Bolivia Presidential Election Influence Operations
After five months of delay, the Bolivian election is finally approaching. The deeply polarized country heads to polls on October 18. With the divisive former president Evo Morales still in exile and not allowed to run, and the unpopular interim president Jeanine Anez announcing that she will not seek office, Bolivia will have a new president. Key contenders are former Economy Minister Luis Arce, from Morales’ Movement for Socialism party (MAS), and former president, Carlos Mesa, from the centrist political coalition Civic Community. Opposed to Anez’s pro-US stance, several actors, namely the Islamic Republic of Iran, the Russian Federation, and Venezuela, have expressed their preference for Arce and Morales on social media and have attempted to vilify Anez. These actors questioned the legitimacy of the upcoming election and claimed that the United States is conspiring with the Anez administration.
Venezuela, with which Anez cut relations in November 2019, was the most active of the actors with 484 posts accusing Anez of being an illegitimate president, who together with the United States and Organization of American States (OAS), orchestrated a coup d’etat and pushed Morales out of the country. Nicolas Maduro’s Twitter account noted that Venezuela stands behind the Bolivian people and his hope that peace and democracy will be reestablished after the elections. Venezuelan state broadcaster TeleSUR claimed that the interim government has threatened the rights of indigenous people and intensified the growing inequalities in the country. Additional posts by Venezuela on Twitter further sought to question the integrity of the election with claims that international observers, who allegedly helped to push Morales out of Bolivia, will once again be present at the polls. Overall, 94.8% of Venezuelan content appeared in Spanish and registered a negative sentiment score of -0.38, on a scale from -1.0 to +1.0.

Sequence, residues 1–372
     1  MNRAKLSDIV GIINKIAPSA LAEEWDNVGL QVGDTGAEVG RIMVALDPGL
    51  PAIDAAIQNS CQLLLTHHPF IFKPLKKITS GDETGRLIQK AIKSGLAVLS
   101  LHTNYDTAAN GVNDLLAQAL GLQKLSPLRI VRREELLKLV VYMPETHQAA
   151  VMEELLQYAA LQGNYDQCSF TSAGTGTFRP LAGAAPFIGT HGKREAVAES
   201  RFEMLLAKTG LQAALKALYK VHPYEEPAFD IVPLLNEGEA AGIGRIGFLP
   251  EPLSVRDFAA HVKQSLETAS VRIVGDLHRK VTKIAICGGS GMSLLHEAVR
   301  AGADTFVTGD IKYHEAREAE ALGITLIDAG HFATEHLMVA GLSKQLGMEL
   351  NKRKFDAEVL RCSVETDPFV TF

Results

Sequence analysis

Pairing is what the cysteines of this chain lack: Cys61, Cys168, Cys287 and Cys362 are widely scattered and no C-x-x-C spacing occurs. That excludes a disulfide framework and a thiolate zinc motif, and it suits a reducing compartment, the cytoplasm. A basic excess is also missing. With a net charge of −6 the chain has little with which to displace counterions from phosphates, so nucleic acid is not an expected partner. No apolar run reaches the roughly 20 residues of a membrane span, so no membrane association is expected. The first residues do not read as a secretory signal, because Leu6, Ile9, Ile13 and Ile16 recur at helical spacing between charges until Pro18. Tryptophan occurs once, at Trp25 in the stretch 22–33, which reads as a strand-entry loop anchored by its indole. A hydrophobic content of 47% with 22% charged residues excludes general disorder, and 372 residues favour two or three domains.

Over the last 30 days, we identified 397 posts by Russia regarding the Bolivian election which drove more than 80k engagements. The Russian Federation highlighted the internal troubles of the Anez administration, especially the sudden resignation of three ministers in late September. Sputnik Mundo and RT en Español portrayed Anez as incapable of governing and of handling the economy, and argued that Anez deliberately tried to impoverish the Bolivian people. RT en Español followed up with a video accusing the Anez administration of having deep ties to the United States and to the OAS which threaten the legitimacy of the upcoming election.
Iran produced 70 posts that attained more than 18k engagements. Iranian content drew attention to Morales’ claims that the United States and Anez conspired to prevent him from running in the election. Iranian media also said that support for MAS will return stability to Bolivia which was unduly destabilized by US. Iran’s Spanish-language digital studio, HispanTV, was particularly active in accusing the interim government of damaging the free electoral process in Bolivia and of orchestrating the coup against Morales and MAS. Several Twitter accounts of HispanTV journalists called the European Union hypocritical for recognizing Anez in Bolivia while rejecting Alexander Lukashenko in Belarus, echoing a popular Kremlin talking point.